If you are in the higher cap gains bracket, it may make sense to take some gains but it also may just make sense to wait for the eventual return of the laffer curve scam. If you have decades left before you need your cash, this might not be the low point in terms of tax rates. Pretty hard to make any long-term pronouncements.
 

Texasmade

Stylish Dinosaur
Joined
Apr 26, 2008
Messages
16,992
Reaction score
19,771
Piob's a boomer who's close to retirement. He's going to need his tendies soon.
 

otc

Stylish Dinosaur
Joined
Aug 15, 2008
Messages
21,118
Reaction score
13,447
I don't think the new increased cap gains will apply to the 15% crowd. As far as I can tell (source), it's just a proposal to increase the current 20+3.8 to 25+3.8.

So, if you expect to remain in the 15% capital gains zone, there may not be any economic incentive to reset your basis now.

If you are in the higher cap gains bracket, it may make sense to take some gains but it also may just make sense to wait for the eventual return of the laffer curve scam. If you have decades left before you need your cash, this might not be the low point in terms of tax rates. Pretty hard to make any long-term pronouncements.
I think Piob is talking about a hypothetical situation in which cap gains is set to ordinary income rate (Biden has proposed this, at least at the top IIRC--the house is currently being much more generous).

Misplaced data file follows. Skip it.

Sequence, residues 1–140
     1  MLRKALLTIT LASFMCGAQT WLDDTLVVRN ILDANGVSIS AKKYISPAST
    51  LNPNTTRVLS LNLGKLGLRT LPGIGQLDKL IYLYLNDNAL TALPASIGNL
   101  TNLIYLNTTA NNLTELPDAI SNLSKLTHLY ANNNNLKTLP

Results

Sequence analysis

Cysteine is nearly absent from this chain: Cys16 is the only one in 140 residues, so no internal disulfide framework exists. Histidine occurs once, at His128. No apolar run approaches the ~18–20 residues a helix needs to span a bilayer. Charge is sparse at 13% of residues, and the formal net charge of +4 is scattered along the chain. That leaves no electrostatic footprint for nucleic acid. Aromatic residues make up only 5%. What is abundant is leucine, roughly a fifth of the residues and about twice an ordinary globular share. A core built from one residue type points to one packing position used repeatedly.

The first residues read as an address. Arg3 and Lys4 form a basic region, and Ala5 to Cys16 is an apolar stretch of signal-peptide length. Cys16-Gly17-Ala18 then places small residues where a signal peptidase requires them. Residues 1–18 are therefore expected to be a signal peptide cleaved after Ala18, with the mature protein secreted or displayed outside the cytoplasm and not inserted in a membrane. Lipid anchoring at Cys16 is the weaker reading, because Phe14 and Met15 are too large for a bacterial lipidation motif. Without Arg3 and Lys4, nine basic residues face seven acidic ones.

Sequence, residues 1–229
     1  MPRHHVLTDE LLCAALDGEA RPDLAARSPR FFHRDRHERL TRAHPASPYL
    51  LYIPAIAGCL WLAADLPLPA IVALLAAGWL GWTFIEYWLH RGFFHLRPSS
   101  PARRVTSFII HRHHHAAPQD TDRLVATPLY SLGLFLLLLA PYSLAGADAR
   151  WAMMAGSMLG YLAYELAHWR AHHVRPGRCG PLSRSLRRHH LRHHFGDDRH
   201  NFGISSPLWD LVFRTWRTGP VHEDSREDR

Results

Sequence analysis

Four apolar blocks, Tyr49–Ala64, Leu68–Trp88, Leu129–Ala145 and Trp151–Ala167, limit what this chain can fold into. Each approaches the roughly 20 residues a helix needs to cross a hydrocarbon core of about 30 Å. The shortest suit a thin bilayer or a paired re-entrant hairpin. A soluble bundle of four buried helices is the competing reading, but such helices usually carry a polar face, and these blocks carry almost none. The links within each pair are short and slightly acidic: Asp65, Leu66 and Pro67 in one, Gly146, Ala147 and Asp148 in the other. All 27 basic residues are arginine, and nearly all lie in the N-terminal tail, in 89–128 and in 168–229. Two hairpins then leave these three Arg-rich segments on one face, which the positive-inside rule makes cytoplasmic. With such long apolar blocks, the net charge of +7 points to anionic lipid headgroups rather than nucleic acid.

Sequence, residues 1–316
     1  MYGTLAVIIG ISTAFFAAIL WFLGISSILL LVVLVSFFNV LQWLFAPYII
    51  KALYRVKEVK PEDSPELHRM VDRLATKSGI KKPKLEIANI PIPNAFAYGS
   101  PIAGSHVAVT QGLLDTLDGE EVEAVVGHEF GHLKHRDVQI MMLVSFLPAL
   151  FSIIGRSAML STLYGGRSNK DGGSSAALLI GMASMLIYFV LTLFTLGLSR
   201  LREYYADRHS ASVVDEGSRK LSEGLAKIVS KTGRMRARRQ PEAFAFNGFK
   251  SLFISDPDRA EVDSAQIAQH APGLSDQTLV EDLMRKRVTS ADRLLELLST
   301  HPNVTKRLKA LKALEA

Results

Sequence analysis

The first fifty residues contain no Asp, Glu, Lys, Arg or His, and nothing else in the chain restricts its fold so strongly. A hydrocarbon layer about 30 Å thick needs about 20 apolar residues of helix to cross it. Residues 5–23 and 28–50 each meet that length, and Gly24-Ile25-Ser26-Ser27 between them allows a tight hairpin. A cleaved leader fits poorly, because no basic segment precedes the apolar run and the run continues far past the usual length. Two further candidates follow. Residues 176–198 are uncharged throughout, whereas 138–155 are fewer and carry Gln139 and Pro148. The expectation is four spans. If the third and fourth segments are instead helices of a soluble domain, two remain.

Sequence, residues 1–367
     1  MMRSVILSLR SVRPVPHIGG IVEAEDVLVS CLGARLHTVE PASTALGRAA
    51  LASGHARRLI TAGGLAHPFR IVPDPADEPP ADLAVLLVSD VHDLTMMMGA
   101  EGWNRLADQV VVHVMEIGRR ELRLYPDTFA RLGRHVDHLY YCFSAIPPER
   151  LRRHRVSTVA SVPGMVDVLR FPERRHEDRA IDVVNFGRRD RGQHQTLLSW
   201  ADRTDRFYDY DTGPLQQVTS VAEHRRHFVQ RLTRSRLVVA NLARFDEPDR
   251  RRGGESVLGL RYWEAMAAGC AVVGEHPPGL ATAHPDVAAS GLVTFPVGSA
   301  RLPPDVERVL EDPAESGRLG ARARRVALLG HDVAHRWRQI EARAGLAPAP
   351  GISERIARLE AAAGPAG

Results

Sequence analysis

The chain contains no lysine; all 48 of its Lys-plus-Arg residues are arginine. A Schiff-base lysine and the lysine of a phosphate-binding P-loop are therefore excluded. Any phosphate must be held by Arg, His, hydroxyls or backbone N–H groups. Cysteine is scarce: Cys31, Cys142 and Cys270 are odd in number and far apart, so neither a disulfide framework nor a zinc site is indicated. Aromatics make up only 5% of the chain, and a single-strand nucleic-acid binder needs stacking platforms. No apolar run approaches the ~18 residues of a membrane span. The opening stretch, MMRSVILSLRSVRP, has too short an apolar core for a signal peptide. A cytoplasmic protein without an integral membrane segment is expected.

In that case I would say it is could be worth it, but depends on tax rates. For Piob, maybe not...
Lets assume you are in the 15% capital gains bracket right now and the 24% income bracket. You've got a $1m portfolio that is 50% cost basis (math should be the same for a larger portfolio).

If you liquidate today and rebuy, you are bumping up your tax bracket and going to end up paying 23.8% (since the proceeds puts you in the top bracket). Assuming you pay taxes from your proceeds, this wipes out your cost basis, but lowers your total investment.

10 years later, at 8% return you end up with something like this:
1634856071611.png


In A your portfolio is 2.16m with 1.66m, taxable. In B you only have 1.9m, but only 1.1m of that is taxable gains.

I haven't really thought through exactly how to account for different draw down schemes, but lets say you decided to liquidate it ALL and move it into bonds since you've had it in a risky market protfolio that was returning 8%.

That's gonna put you in the top tax bracket for sure, lets say that becomes 35%...A leaves you with 1.58m, B leaves you with 1.52...so A wins.
1634856822126.png

The future tax rate would have to be about 50% for this scheme to be worth it.

But there are a lot of moving pieces here...and how you exit the positions in the future would play a huge role and it all may be very sensitive to tax brackets and level of cost basis. But if you draw down in a way that keeps you in lower tax brackets, it seems even less worth it.

If you could go back in time a few years and only pay 15% on those gains, then it becomes more appealing.

But ultimately I agree with @UnFacconable that it is too long of a time horizon to be making this call. You have no idea where tax rates will be, and it seems crazy to pay a huge upfront tax today to reset your basis.

edit: and yeah, I am not dealing in marginal rates here...that's too complicated, and for Piob probably not as meaningful a distinction...he's never going to get his average tax rate that low.
 

UnFacconable

Distinguished Member
Joined
Jan 22, 2007
Messages
2,963
Reaction score
4,100
edit: and yeah, I am not dealing in marginal rates here...that's too complicated, and for Piob probably not as meaningful a distinction...he's never going to get his average tax rate that low.